Police report offers third account of Conaway-Meister altercation

A police report documenting last month's altercation between Baltimore Clerk of Courts Frank M. Conaway Sr. and a blogger says officers saw Conaway display a holstered handgun, but also lists him as the victim of an assault.

Conaway, 78, and blogger Adam Meister, 35, have given different versions of the incident, and the eyewitness account of police who were driving by contradicts some of their key assertions. Police had withheld the report, citing the investigation by a special prosecutor, but released it Thursday morning after inquiries from The Baltimore Sun.


The report is written as a "common assault," with Meister listed as the suspect and Conaway's name redacted from the "victim" field. A follow-up report for a "handgun violation" says Conaway's permit to carry a concealed weapon had expired, and officers later seized the weapon from him at the courthouse.

Carrying a handgun without a valid permit is a misdemeanor that carries a minimum penalty of 30 days in jail and a maximum of three years in prison.


Conaway's attorney, J. Wyndal Gordon, said he was largely "pleased" with the police account of the confrontation, saying it bolstered his client's version of the events. He denied that Conaway committed a gun violation, but offered a hypothetical question about whether carrying a weapon with an expired permit should carry the same penalty as never having obtained a permit at all.

"I don't think that's what the law intended," Gordon said. He said the permit issue should be dealt with as an administrative issue.

Meister, who has denied trying to kick Conaway, declined to comment Thursday, saying only: "I stand by every word I have said about this situation."

According to the report, officers with the citywide robbery unit were driving through the Ashburton neighborhood on Nov. 21 when they witnessed a "younger white male screaming at an older black male" on the sidewalk — later determined to be Meister and Conaway. Police said they saw the white man "take a fighting stance and attempt to kick the black male with his right foot," according to the report.

The officers said Conaway then swept his raincoat to the side, "displaying a tan leather holster containing a handgun," something both Conaway and Meister deny. The officers made a U-turn and saw the younger man running away, broadcast his description to other units, and stopped to talk to the man with the gun, the report says.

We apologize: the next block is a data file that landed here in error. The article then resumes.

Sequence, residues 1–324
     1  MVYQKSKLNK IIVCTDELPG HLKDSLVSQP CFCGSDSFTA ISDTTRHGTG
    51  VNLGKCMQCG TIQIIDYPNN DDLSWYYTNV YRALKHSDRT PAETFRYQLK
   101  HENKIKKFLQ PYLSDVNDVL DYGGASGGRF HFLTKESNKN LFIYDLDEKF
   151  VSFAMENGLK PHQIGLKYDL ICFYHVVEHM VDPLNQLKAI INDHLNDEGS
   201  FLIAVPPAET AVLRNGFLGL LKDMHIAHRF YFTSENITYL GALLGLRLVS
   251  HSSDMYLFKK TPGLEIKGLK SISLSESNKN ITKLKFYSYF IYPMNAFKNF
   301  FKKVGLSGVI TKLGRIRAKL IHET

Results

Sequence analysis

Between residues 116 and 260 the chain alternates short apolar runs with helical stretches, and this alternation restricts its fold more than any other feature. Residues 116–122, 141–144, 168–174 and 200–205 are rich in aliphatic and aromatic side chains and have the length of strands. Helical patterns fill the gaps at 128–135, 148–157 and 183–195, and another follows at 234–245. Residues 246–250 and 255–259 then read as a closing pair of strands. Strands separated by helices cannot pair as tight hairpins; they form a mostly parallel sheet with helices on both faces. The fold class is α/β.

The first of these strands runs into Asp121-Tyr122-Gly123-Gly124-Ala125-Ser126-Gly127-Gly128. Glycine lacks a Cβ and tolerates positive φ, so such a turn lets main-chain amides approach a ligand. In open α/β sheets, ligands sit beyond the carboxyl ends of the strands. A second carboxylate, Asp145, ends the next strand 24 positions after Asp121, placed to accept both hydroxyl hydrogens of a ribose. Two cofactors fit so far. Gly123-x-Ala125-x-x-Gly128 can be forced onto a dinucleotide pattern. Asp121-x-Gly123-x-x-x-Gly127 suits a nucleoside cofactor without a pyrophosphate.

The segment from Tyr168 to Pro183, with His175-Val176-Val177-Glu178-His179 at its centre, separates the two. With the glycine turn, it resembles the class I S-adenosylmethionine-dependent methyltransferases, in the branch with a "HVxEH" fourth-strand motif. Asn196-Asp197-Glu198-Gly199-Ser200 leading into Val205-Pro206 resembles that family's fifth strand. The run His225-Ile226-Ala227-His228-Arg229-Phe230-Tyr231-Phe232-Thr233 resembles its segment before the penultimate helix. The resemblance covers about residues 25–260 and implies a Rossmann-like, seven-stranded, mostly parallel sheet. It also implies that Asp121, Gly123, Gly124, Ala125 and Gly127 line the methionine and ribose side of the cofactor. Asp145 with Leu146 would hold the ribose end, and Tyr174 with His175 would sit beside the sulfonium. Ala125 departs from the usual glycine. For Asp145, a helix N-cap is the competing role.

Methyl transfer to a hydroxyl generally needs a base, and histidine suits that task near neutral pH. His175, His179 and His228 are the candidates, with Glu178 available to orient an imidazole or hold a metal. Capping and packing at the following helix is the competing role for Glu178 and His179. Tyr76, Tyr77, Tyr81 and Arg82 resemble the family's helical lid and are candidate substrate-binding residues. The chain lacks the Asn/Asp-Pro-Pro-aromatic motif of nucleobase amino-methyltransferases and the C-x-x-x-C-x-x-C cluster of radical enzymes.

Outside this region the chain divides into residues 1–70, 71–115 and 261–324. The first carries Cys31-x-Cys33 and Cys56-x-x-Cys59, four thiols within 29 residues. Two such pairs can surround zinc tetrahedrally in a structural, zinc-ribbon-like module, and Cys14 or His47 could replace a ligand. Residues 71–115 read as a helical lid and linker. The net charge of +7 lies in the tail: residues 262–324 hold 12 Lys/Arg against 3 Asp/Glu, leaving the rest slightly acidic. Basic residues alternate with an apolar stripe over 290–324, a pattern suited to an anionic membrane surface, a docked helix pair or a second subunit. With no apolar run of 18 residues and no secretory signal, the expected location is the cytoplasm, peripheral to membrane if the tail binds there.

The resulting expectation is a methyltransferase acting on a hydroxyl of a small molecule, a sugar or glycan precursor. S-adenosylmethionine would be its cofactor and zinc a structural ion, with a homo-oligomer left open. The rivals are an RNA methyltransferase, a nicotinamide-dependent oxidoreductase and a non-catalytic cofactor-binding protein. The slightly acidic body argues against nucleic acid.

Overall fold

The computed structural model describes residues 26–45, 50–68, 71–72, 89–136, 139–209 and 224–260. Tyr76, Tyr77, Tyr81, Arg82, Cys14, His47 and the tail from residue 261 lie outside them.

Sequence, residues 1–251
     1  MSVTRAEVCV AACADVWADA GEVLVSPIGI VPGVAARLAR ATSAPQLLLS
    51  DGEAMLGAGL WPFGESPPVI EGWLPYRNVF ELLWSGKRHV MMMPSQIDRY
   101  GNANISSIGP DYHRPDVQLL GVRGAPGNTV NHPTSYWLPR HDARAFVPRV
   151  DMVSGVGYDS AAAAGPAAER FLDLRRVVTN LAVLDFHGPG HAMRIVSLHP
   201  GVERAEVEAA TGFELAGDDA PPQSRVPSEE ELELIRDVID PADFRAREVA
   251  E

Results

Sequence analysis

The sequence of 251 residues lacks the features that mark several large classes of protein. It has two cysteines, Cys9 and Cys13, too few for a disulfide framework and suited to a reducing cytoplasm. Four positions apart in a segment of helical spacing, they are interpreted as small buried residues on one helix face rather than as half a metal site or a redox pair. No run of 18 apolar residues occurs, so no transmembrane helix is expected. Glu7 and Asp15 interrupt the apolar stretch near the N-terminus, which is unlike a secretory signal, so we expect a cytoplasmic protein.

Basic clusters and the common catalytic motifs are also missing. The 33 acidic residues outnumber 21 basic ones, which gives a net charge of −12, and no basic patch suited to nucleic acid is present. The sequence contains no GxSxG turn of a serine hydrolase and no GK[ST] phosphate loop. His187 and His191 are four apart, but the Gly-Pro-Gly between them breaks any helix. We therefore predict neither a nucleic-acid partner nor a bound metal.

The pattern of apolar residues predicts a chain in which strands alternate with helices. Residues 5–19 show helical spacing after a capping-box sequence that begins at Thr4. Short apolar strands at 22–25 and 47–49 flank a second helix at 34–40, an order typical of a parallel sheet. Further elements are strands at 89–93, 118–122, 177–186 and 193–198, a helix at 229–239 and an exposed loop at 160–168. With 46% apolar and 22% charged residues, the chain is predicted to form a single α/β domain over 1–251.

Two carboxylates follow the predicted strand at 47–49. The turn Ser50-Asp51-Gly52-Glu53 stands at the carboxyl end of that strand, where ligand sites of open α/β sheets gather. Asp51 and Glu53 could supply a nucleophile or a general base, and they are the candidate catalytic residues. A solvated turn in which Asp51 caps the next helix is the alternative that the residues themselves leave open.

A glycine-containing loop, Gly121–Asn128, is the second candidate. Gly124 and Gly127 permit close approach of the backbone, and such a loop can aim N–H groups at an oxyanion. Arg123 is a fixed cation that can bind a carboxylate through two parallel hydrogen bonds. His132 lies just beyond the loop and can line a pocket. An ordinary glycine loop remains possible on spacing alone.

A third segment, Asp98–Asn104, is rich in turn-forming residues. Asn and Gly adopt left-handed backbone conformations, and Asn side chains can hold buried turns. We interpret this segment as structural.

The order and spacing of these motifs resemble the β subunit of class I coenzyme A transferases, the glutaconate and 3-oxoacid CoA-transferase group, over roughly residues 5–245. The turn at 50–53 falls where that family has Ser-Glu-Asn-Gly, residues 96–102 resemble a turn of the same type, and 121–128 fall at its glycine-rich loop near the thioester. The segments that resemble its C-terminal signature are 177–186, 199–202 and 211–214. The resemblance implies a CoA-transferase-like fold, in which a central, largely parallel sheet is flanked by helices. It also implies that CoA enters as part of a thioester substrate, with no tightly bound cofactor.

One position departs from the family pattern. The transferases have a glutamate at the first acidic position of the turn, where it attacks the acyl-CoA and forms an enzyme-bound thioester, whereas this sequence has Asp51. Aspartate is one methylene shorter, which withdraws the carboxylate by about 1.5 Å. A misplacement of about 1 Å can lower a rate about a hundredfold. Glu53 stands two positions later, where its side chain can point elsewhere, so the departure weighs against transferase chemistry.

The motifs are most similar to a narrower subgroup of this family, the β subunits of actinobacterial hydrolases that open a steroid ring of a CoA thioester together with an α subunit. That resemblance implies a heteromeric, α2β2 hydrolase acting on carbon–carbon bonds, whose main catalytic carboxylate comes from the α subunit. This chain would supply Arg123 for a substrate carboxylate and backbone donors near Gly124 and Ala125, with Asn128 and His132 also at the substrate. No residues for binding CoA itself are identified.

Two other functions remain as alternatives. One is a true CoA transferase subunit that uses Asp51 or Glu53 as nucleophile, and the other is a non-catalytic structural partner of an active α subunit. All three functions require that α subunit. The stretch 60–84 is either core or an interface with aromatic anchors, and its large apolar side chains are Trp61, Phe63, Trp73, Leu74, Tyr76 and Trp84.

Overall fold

Conaway identified Meister as the man who fled, and said Meister had been banging on the front door of his home while screaming, the report says. Conaway said he followed Meister down the sidewalk and exposed the holstered weapon after Meister kicked at him, according to the report.

Conaway has said he never left his property. Meister maintains that he never stepped onto Conaway's property.

Baltimore State's Attorney Gregg L. Bernstein, citing the closeness of Conaway's duties as the chief court clerk, has referred the investigation to a special prosecutor, Steven Kroll. Kroll declined to comment on the status of the investigation Thursday.

Conaway's permit to carry the handgun had expired in March, according to state police. Though he is legally allowed to possess the weapon in his home or on his property, the gun can't be taken anywhere else. Investigators wrote that after determining his permit had expired, they met Conaway at the courthouse and seized the weapon, ammunition, and the holster.

Gordon said Conaway was told by police to bring the gun to work so it could be picked up, meaning that police instructed Conaway to commit another violation.

Asked to respond, police spokesman Anthony Guglielmi said: "Mr. Gordon has a role to play as a defense attorney. … We stand by our investigation."

The altercation between Meister and Conaway was the latest in their political feud. Meister has written about property tax credits received by the Conaway family, and was sued by Conaway's daughter, City Councilwoman Belinda Conaway, for $21 million after he noted that she claimed a Randallstown home as her primary residence. She later dropped the suit and was defeated in the fall election.


Meister, an avid jogger, has said he was running home when he saw Conaway and began yelling at him. He said Conaway took a swing at him and missed.

Conaway, meanwhile, told reporters last week that he heard a sound at his door and saw Meister on his property, then confronted him. He says Meister tried to kick him.

Conaway said he never displayed a weapon; Meister said he never saw one, either.

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